Please see Animal Kingdom Class 11 Biology Revision Notes provided below. These revision notes have been prepared as per the latest syllabus and books for Class 11 Biology issues by CBSE, NCERT, and KVS. Students should revise these notes for Chapter 4 Animal Kingdom daily and also prior to examinations for understanding all topics and to get better marks in exams. We have provided Class 11 Biology Notes for all chapters on our website.
Chapter 4 Animal Kingdom Class 11 Biology Revision Notes
Animals are multicellular and heterotrophic organisms without cell wall and chlorophyll. Kingdom Animalia includes 11 major phyla:
BASIS OF CLASSIFICATION:
1. Levels of organization
Based on this, animals are grouped into four levels:
a. Cellular level of organization: Here, the cells are arranged as loose cell aggregates. E.g. Porifera.
b. Tissue level of organization: Here, the cells are arranged into tissues. E.g. Cnidarians and Ctenophores.
c. Organ level of organization: Here, tissues are arranged into organs. E.g. Higher animals (Platyhelminthes to chordates).
d. Organ system level of organization: Here, organs are associated to organ system. Each system performs a specific physiological function. E.g. Higher animals. Organ systems of various animals show complexities. Digestive system is 2 types:
♦ Incomplete: It has only a single opening that acts as mouth & anus. Seen in Cnidaria and Platyhelminthes.
♦ Complete: It has 2 openings (mouth & anus).
Circulatory system is 2 types: open & closed.
2. Body symmetry
It is the arrangement of similar body parts on 2 sides of main axis of the body. Based on symmetry, animals are 2 types: Asymmetrical and Symmetrical.
a. Asymmetrical: Here, body cannot be divided into 2 equal halves. E.g. Most Poriferans, Snails etc.
b. Symmetrical: Here, body can be divided into 2 equal halves. It is 2 types.
♦ Radial symmetry: Here, body can be divided into 2 equal halves in any vertical plane along central axis (oral-aboral axis) of the body. E.g. some Poriferans, Cnidarians, Ctenophores and Echinoderms (adult).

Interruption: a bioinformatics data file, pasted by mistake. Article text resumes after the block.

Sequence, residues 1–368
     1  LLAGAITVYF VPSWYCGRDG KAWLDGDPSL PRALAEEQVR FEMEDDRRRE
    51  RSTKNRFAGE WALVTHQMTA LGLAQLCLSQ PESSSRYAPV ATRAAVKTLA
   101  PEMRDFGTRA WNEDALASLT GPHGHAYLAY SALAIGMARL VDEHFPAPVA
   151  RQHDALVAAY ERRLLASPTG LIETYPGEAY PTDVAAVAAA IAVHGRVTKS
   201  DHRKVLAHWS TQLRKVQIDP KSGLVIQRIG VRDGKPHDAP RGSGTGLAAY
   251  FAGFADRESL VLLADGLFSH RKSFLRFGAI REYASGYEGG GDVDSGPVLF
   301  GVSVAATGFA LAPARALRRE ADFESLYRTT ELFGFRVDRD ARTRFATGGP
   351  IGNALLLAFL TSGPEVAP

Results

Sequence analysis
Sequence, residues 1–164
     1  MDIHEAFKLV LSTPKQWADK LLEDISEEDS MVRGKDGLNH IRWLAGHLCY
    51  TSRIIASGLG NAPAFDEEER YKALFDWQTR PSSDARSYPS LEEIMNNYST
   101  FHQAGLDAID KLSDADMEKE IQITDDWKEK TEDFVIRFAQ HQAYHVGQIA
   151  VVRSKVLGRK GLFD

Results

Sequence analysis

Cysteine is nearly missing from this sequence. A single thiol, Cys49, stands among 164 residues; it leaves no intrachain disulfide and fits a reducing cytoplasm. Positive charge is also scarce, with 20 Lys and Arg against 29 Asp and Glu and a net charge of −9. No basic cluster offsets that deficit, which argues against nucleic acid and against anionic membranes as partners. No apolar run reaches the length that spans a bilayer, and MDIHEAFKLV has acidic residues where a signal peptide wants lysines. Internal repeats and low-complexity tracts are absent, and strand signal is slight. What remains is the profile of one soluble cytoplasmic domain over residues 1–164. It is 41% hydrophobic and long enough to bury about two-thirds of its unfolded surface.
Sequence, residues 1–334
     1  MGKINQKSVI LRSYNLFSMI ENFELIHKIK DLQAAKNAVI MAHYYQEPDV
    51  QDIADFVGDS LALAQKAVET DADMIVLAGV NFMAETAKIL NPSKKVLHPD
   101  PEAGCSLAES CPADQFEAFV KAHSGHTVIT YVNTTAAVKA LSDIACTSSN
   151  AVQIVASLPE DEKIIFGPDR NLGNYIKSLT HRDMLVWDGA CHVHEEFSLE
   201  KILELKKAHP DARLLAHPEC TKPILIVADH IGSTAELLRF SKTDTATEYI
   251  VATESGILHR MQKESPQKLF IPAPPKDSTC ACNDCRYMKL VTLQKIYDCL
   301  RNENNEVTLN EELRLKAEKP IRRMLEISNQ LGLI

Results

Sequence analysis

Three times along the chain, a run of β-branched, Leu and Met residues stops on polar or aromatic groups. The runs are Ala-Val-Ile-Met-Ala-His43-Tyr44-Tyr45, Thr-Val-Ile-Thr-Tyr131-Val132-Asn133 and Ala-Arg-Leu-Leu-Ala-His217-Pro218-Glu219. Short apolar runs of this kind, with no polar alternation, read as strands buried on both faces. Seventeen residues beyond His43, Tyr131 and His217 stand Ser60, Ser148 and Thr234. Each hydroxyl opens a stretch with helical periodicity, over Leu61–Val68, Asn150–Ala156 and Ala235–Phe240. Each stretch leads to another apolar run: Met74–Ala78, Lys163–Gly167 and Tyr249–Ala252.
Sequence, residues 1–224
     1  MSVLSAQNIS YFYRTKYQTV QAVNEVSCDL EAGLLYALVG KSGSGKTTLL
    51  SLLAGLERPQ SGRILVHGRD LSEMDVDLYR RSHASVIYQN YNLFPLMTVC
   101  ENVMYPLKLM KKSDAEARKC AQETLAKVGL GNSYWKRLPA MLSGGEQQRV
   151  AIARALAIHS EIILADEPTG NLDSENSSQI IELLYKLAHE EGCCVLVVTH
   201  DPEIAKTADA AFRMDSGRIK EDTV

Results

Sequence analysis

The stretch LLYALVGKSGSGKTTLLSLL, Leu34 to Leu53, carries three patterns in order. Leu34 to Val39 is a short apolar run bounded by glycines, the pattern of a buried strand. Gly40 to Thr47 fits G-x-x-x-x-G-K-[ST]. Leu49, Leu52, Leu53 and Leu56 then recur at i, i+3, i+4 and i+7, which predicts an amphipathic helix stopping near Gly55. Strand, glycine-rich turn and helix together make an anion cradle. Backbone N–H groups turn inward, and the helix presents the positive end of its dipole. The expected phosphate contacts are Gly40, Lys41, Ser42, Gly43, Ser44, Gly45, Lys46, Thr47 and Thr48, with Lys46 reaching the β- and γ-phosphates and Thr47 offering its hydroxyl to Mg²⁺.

♦ Bilateral symmetry: Here, body can be divided into right & left halves in only one plane.
E.g. Platyhelminthes to Chordata (except adult Echinodermata).
The body of bilaterally symmetrical animal has a dorsal side (upper), a ventral side (lower), left & right lateral sides, anterior (cephalic) side and posterior (anal or tail) side.
3. Germinal layers (Embryonic layers)
These are layers of embryo from which all the body organs are formed. Based on the number of germ layers, animals are 2 types- Diploblastic and Triploblastic.
a. Diploblastic animals: 2 germ layers- outer ectoderm and inner endoderm. In between these layers, an undifferentiated jelly-like layer called mesoglea is present. E.g. Cnidaria & Ctenophora.
b. Triploblastic animals: 3 germ layers- Outer ectoderm, middle mesoderm and inner endoderm. E.g. Platyhelminthes to Chordata.
4. Coelom (body cavity)
It is the cavity lined by mesoderm. It is seen between body wall and gut wall. Coelom separates the muscles of gut and body wall.
Based on the nature of coelom, animals are 3 types:
a. Acoelomate: No coelom. The space between body wall and digestive cavity is filled with matrix (parenchyma). E.g. Porifera to Platyhelminthes.
b. Pseudocoelomate: False coelom. Here, the body cavity is not lined by mesoderm. Mesoderm is scattered pouches. E.g. Aschelminthes.
c. Coelomate: True coelom. Here, the coelom arises from the mesoderm. Coelom is lined by peritoneal layer and filled with coelomic fluid. E.g. Annelida to Chordata.